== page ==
"Education is really aimed at helping students get to the point where they can learn on their own," said renowned linguist, philosopher, historian, and scientist, Noam Chomsky. For an educational system to enable its students to reach a stage where they can learn to learn, it is essential that their building blocks of fundamental knowledge and skills are in place. For the specialist professional courses such as pharmaceutical sciences, the situation gets more complex with the addition of another dimension: This dimension is "keeping pace with the time". Unlike a course in theoretical mathematics, where the algorithms discovered way back in the 1960s are still powering most of the machine learning, the pharmaceutical research has moved many ages in last decade. But, has our pharmacy education system adapted itself to change?
This is an important question, as the primary objective of any specialized course is to make the students "industry ready" and ensure a seamless transition from academics to industry. Academics have a very well defined structure of imparting knowledge, while the industry has no such boundaries and thrives on innovation and change. This presents a dichotomy and it is important for academics to realize this and structure the course curriculum in a way, which ensures that students are mentally agile and adaptable to change.
So, what does a pharmacy student of today needs to equip with, which will be useful to the industry? Pharmacy students of today need to equip themselves with knowledge that is more than pharmacology, medicinal chemistry, and dosage formulation. They need to have an understanding of biostatistics, principles of drug design, the know-how of algorithms and tools that are needed to work on the disruptive technologies which the industry is betting on to solve the problems of tomorrow and I am sure this list of additional items will continue to expand, as we move along. Importantly, this emphasizes the need for research-based learning, as industry will always move forward and academics will always play a catch-up game.
In order to bridge the gap, academics need to focus on research-based learning where the primary objective is to teach the student how to solve a problem rather than teaching few theoretical concepts. "Enquiry" into a concept is the best way to learn the concept and we should start focusing on that. Research-based learning will impact critical problem-solving skills, analytical reasoning and will help students in learning the art and science of problem-solving. Research-based learning will also support entrepreneurship, as this will enable students to look at various problems and then find creative ways to solve them. This will enhance the overall student experience and make them more confident and motivated.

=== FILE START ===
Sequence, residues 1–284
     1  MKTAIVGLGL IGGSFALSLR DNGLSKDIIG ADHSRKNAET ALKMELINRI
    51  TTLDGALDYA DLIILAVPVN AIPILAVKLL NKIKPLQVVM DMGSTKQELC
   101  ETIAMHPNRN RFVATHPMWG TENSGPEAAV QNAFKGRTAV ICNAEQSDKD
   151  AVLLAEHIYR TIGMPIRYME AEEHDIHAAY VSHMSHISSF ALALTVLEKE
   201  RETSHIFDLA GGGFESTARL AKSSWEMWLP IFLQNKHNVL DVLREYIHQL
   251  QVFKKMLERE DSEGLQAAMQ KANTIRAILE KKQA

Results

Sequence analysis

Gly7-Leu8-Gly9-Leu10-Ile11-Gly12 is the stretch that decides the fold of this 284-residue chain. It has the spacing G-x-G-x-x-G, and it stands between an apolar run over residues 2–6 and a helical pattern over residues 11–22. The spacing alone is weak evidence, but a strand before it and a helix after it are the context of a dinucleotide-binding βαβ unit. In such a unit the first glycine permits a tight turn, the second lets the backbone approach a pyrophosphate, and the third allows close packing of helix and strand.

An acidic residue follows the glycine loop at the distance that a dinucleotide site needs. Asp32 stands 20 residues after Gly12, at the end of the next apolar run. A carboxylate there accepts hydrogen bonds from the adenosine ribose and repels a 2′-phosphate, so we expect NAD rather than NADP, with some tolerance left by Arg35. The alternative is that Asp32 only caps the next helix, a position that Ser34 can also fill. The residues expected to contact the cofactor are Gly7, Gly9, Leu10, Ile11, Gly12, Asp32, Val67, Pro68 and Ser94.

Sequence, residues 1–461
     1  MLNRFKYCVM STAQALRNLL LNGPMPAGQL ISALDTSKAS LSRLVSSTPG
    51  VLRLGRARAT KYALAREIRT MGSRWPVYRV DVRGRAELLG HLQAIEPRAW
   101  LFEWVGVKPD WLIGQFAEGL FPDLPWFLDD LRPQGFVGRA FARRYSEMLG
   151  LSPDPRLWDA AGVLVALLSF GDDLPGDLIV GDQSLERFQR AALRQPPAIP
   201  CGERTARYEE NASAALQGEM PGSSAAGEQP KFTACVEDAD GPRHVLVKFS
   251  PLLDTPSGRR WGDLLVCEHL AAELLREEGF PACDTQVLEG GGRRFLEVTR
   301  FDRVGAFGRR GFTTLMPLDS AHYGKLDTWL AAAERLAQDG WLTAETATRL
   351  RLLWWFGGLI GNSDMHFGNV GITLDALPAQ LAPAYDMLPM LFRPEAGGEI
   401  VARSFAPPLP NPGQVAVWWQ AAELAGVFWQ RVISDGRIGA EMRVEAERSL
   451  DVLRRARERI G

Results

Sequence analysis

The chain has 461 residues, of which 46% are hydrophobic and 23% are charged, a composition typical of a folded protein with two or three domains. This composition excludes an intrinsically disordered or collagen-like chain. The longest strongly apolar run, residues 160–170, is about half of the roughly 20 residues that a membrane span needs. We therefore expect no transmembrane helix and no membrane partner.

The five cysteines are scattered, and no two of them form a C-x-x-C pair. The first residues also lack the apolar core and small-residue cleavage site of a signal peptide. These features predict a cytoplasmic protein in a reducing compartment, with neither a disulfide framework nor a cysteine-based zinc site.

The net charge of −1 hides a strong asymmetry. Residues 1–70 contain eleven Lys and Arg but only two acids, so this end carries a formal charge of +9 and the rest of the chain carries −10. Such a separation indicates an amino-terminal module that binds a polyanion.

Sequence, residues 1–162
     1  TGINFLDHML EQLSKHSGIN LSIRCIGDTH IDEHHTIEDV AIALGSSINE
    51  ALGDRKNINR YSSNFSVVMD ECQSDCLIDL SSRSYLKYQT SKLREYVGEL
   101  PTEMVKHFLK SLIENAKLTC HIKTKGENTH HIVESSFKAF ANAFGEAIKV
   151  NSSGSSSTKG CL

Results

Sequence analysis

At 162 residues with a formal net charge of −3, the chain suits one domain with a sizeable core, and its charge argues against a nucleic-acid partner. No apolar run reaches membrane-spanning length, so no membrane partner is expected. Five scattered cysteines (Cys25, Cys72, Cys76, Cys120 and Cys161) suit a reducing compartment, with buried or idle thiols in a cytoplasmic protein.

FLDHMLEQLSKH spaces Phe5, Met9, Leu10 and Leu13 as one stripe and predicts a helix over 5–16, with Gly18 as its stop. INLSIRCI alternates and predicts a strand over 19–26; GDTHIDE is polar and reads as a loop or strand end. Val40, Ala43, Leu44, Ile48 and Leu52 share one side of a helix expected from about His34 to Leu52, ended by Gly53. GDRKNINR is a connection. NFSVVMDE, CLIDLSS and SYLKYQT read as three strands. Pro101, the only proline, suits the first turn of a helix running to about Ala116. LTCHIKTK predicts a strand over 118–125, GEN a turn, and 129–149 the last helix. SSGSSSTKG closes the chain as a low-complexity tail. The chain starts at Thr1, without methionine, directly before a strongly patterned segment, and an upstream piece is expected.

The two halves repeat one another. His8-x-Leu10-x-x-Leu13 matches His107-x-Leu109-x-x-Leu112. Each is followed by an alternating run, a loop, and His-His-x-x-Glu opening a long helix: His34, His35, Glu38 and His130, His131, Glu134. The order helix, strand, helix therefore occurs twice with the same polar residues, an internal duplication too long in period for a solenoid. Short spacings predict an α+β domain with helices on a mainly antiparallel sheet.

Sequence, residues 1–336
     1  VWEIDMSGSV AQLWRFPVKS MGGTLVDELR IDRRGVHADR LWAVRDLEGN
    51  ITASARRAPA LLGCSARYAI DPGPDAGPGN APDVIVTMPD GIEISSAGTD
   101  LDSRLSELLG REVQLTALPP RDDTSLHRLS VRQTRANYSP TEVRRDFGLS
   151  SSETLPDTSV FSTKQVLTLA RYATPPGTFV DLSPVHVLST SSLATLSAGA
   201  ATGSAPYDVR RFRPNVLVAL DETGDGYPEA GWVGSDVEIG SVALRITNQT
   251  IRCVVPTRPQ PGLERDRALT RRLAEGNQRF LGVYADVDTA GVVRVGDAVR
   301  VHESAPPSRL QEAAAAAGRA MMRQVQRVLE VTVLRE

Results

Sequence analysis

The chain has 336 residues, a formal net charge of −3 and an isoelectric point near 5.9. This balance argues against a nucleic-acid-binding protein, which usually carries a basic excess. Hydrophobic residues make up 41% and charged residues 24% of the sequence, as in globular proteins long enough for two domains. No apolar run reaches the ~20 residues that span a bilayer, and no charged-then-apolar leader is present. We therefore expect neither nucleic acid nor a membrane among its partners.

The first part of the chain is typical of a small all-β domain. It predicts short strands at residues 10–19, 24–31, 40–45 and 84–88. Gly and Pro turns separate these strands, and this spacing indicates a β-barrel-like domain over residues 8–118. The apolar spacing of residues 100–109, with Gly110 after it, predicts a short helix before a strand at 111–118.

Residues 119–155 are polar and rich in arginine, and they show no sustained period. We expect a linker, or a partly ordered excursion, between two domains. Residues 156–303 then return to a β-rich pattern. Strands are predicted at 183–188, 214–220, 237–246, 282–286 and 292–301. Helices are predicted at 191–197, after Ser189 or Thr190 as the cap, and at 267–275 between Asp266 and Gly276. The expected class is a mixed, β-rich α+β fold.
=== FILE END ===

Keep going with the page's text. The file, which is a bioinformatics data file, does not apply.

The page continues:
Apart from students, this also will be beneficial for the teaching staff/faculty, as they will also need to retool themselves. This will be a collaborative process between the students and teachers. An imagination of research-based education that lays emphasis on adopting tools, techniques and the concepts that can put us ahead in creative curve is only a few steps away, if we take the step number one. I am positive we soon will.
Having 20 years of diverse experience within the pharmaceutical industry and management consulting focusing on establishing businesses, Strategic Planning, Business Development, Portfolio Management and Market Research / Competitive Intelligence, currently Rajaram Iyer handles the chair of Vice President at Mankind Pharma Ltd. He has demonstrated ability of preparing and executing business plan for new growth areas and have worked and executed go to market strategy for generic specialty areas in the EU and the US.